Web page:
Electric lice

  • Six years before Benjamin Franklin's experience with kites and lightning, court electrician Abbé Nollet demonstrated electricity to Louis XV. Nollet lined up Carthusian monks to form a 900 foot line connected with iron wire. When the electrical current was passed through the wire, the monks jumped simultaneously. Nollet wrote: “The exclamations of surprise were simultaneous even though they came from two hundred mouths.” Before Nollet, Stephen Gray in 1720 used Charterhouse charity boys for electrical experiments. He would hang a boy with insulating cords, use rubber glass to electrify him and “draw sparks from his nose.” Swedish biologist Albercht von Haller had his electrified boys stand on pitch to insulate them. When a person approached, electricity would pass between the boy and the person. Both would experience a sharp pain. Source (p.63)

  • Lumberjacks in the 19th century had it hard. Here is an excerpt from Lumberjack Walker D. Wyman's diary from 1885: "One of the best ways to fool the lice was to turn your [long] underwear when you went to bed at night. The lice spent most of the night finding their way from the outside to the inside and didn't have much time left to do any biting." Source(p.70)

locked up

    Until 1772, British law required those accused of a felony to either enter a plea of guilty or not guilty. However, if a defendant refused to enter a plea, their estate passed to their family instead of to the crown as would happen if they were convicted. The law of Peine Forte et Dure was designed to try to force a plea out of the defendant. By 1406, if a defendant refused to enter a plea, they would be pressed until they died or entered a plea. A board would be placed across their chest and stomach and iron weights would be placed on top of the board, gradually increasing every day. In Nottingham, a mute man was pressed to death because he was unable to enter a plea. Source Source Source

    Prison reformer Jon Howard believed that silence would allow prisoners more time to consider their crimes and offer a greater chance of repentance. Coldbath Fields House of Correction in London attempted a silence-prison reform in 1834. At this time, the prison housed men, woman and children. Silence was strictly enforced and prisoners were not allowed to talk or congregate. In attempt to keep prisoners from recognizing each other, they wore masks or veils with numbered tags. In response to the harsh punishments (flogging, bread and water diet, confined to the "dark cells"), prisoners invented hand signals and tapped secret codes on the water pipes. Source Source Source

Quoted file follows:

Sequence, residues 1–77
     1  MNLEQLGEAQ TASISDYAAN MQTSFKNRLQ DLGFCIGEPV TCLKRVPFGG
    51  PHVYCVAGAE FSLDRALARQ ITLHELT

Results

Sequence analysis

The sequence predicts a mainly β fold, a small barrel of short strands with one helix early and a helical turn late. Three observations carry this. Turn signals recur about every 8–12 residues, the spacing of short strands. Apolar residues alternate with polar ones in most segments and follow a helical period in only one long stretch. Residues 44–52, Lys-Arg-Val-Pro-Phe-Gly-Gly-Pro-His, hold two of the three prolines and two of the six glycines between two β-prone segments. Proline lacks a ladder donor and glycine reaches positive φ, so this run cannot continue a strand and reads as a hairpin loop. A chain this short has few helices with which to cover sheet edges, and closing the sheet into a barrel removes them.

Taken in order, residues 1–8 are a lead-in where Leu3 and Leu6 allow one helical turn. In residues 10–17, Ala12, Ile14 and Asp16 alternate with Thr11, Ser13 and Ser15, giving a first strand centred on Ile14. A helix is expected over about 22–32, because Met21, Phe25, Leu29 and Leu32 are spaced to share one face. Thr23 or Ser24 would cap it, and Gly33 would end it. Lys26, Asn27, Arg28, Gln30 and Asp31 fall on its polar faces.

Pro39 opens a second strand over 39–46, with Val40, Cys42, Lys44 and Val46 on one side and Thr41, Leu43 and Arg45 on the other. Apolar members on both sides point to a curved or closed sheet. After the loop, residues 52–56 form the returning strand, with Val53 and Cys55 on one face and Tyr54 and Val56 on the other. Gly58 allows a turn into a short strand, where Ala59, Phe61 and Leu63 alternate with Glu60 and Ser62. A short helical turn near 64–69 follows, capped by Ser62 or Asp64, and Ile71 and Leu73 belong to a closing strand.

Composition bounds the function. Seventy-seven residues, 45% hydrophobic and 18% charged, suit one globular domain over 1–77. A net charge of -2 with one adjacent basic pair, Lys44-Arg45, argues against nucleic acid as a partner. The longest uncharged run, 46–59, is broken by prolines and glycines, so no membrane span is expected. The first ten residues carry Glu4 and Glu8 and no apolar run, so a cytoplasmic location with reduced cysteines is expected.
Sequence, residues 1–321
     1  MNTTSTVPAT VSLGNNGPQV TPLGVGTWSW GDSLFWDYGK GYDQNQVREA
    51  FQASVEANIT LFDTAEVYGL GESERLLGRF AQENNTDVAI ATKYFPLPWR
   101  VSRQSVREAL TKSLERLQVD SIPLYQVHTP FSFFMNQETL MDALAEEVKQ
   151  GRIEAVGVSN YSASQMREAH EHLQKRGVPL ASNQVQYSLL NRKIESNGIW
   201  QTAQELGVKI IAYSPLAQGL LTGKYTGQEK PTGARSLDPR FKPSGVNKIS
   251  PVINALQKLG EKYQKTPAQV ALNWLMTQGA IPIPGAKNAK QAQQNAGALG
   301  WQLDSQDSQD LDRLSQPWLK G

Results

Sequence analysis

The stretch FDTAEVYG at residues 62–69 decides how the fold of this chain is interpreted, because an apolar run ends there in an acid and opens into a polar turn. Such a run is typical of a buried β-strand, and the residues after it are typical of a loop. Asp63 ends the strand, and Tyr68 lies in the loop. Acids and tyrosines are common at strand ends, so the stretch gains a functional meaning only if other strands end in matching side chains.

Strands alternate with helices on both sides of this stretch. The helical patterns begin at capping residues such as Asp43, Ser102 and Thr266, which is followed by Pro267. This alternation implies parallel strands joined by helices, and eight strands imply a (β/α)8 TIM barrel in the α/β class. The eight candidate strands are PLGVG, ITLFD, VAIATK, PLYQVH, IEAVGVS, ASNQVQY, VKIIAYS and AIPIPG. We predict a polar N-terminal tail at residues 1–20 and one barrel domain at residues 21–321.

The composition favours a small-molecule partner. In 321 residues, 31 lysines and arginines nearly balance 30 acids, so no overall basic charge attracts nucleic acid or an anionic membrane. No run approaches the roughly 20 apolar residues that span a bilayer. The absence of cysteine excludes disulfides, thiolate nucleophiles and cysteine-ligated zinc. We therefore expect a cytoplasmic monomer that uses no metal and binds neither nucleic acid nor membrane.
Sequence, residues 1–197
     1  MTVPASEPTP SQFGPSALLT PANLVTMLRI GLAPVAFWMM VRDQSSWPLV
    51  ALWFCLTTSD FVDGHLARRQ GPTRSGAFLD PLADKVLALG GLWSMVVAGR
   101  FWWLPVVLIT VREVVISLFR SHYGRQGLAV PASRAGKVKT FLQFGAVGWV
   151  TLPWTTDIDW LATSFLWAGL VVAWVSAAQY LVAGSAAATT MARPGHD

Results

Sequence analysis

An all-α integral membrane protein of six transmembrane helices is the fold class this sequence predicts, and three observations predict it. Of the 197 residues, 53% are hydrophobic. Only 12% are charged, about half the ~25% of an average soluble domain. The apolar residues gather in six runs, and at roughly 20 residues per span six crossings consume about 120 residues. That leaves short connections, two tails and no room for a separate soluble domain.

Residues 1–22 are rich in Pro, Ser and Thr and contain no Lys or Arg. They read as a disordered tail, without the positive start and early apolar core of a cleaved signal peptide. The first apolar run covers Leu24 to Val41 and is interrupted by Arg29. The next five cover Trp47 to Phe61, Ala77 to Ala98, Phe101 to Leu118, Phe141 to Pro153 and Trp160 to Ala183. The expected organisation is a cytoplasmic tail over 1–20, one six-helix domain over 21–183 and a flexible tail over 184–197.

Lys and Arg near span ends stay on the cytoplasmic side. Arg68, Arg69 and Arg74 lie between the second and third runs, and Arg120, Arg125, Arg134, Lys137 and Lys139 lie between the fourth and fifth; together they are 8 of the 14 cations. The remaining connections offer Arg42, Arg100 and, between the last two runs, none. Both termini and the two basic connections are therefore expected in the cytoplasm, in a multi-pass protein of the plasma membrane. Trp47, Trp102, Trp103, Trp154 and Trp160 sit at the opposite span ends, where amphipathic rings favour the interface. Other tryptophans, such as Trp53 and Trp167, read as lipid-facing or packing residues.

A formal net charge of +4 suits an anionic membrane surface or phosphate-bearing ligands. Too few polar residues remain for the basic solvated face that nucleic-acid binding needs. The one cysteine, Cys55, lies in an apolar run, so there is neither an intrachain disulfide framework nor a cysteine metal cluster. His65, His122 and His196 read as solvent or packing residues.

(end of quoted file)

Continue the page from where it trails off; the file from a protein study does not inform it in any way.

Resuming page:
In Tokyo, the restaurant Alcatraz ER provides a medical prison-themed dining experience. Upon arrival, you are handcuffed, mock injected, and locked in a cell. The food is served in metal surgical pans and cocktails are served in test tubes or plasma bags, sometimes with false teeth. If your cell door is “accidentally” left open, “your mission to go screaming around the restaurant in a wheelchair evading the outstretched hands of other prisoners.” A similar restaurant is The Lockup, with varying locations in Toyko. At one location, diners are placed in a dark room and left to find the hidden door into the restaurant. Source Source Source

no connection

When computer programmer Jerry Jalava had a finger amputated after a motorcycle accident, he acquired a prosthetic finger with a USB attached. When Jerry uses the USB, he removes the prosthetic finger. He currently has Billix, CouchDBX and Ajatus installed on the drive, but he hopes for his next prosthetic to have a removable fingertip and an RFID tag (tracking device that uses radio waves). His blog Pictures Source

Alan Titchmarsh, BBC TV gardener, has a waxwork at Madame Tussauds that is “one of the most fondled.” His waxwork is kissed so frequently that lipstick is washed off its face twice a week. Source Source

For the 1939 World's Fair, Joe Sprinz, a catcher for the San Francisco Seals, tried to catch a baseball dropped 1,000-1,200 feet by a blimp. While part of his mitt touched the ball, the ball hit him in the face. He spent three months in the hospital due to 5 knocked-out teeth and a jaw fractured in 12 places. Source Source


In No Man's Land (the western end of the Oklahoma Panhandle), the dust storms of the Great Depression “killed or forced out nearly one family in three.” This, however, was not as bad as the conditions in the Texas panhandle.

Caroline Henderson lived in No Man's Land and wrote letters that were published in the Atlantic Monthly. Here is an excerpt form her June 1935 letter: "Wearing our shade hats, with handkerchiefs tied over our faces and Vaseline in our nostrils, we have been trying to rescue our home from the accumulations of wind-blown dust which penetrates wherever air can go. It is almost hopeless, for there is rarely a day when at some time the dust does not roll over. 'Visibility' approaches zero and everything is covered again with a silt-like deposit which may vary in depth from a film to actual ripples on the kitchen floor.” By the summer of 1936, only 8 of the 136 homesteads in her township still had tenets.